First up for Beach Buzz today: Tucson is finally going to get a shuttle to Rocky Point! Eduardo and Alicia have formed a company called Rocky Point Rides, and they will take you from door to door in a very comfy 15-passenger van-- just like Phoenicians have enjoyed for a long time. They hope to inaugurate their service over Labor Day Weekend, which falls on September 5-7 this year.
Sit back, relax, leave the driving to them! They will pick you up at your home or hotel in Tucson and take you to your accommodation in Rocky point. Rates for a group of people are based on the number of people going from Tucson to Rocky Point and returning on the same date. A minimum of 2 people are required per trip.
It's about darn time someone began to offer this service from Tucson, and I wish them great success! For more information visit http://www.rockypointrides.com/
Next up: If you want to start a business in Mexico, it may have just become easier. President Felipe Calderon has unveiled a plan to allow businesses to register online via the government Web site http://www.tuempresa.gob.mx This means that the time it takes to complete federal registration requirements should drop from the current 22-34 days (sometimes longer) to a mere couple of hours. The process will also avoid duplication of processes and reduce the possibilities for corruption.
Any businesses that have been registered with a notary public are eligible to complete the federal government requirements online. Calderon hopes that State governments will follow this example.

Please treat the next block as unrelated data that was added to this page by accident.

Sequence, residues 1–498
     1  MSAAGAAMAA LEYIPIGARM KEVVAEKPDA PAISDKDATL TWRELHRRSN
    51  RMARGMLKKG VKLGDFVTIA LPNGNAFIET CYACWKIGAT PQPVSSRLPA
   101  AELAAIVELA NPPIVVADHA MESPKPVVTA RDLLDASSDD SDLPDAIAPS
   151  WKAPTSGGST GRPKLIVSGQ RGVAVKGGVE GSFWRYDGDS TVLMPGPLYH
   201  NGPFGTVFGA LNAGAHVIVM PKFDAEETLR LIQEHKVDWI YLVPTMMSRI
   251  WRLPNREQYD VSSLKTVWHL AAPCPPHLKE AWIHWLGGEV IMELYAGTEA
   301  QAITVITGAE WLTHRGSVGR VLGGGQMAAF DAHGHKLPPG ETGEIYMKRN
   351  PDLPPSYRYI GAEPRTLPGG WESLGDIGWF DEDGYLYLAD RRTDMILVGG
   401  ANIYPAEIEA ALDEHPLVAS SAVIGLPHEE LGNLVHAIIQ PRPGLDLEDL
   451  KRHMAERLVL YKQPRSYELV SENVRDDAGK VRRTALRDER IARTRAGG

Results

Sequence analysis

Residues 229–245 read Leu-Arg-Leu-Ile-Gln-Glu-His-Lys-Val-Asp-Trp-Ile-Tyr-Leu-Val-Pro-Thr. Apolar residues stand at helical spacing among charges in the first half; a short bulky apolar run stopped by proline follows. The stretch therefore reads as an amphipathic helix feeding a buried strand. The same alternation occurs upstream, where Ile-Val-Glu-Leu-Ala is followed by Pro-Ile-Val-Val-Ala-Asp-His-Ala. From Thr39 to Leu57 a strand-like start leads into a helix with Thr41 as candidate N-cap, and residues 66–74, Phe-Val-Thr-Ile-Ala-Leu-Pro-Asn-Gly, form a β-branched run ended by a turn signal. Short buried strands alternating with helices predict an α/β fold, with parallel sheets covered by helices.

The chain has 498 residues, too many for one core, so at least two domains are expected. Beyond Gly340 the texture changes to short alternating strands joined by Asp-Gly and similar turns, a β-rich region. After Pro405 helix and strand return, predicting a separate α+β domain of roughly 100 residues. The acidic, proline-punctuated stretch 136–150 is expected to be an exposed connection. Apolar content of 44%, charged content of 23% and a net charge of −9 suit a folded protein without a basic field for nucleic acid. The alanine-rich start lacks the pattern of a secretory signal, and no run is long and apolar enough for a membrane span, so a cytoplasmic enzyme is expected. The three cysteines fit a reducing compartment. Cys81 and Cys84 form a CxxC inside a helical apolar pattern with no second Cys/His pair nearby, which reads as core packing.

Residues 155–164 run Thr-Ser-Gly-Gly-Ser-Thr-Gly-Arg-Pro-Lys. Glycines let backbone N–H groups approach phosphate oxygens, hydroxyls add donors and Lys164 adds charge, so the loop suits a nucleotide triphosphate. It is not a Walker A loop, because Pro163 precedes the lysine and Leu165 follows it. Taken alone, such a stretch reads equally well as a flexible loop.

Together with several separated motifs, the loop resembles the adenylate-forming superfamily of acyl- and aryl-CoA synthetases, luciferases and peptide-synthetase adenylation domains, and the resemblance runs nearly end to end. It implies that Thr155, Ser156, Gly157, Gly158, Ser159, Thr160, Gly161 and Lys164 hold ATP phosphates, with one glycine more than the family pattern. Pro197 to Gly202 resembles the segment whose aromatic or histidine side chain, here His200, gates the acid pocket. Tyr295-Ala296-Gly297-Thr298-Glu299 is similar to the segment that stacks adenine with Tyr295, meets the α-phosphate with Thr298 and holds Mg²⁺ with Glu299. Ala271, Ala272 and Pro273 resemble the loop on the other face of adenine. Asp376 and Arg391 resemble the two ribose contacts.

Anything that makes doing business in Mexico easier is a GOOD thing.
And finally: Registering Mexican cellphones. In yet another attempt to throw a wrench into the operations of drug cartels and other illegal operations, Mexico is changing its laws on the use of cellphones. It started back in April, with all new Mexican cellphones being registered with a new government agency (RENAUT). The user and the assigned number are thus uniquely identified. Number portability services will also be introduced so that you can maintain the same cellular number even if you change phones or providers. All existing Mexican cellphones not registered by April 10, 2010 will be deactivated on that day.
Note that cellphones from other countries that are roaming in Mexico are not affected by the new regulations and are exempt from registration. So what's to stop criminals from going that route, I ask myself?
Anyway, according to RENAUT, people who have a contract with the mobile companies where charges are billed to a credit card will be contacted by the service provider to bring their identity cards (e.g. FM-3, Acta de Nacimiento, Carta de Naturalizacion, etc.) to the office and have their phones registered. Those on a "pre-paid" basis, where they buy refill cards at local businesses, will need to send a text message to the government agency to get their phones authorised and submit their Unique Population Identification Key (Clave Unica de Registro de Población , "CURP"). If you lose your phone or have it stolen from you, you must promptly notify your carrier and they will inform the government to deactivate it and prevent it being used in a crime. Each mobile telephone that you have must be registered in the name of the user, not in the name of the buyer. If you have more than one phone, all must be registered.
If you have a Mexican mobile phone and have not yet registered it, you've got most of a year left to get it done, and it's entirely possible that more details and procedures will be made clear in the meantime. No need to panic, but eventually you WILL have to get 'er done.
And that's all the Buzz on the Beach for today.
About Beach Buzz: Not necessarily the news, this is a place for information, opinion, speculation, gossip, tips and other good stuff about Rocky Point, and Mexico in general. Have opinions to air, anecdotes to share, tips or tidbits to contribute? I'd like to hear from you!
Email me: La Huerita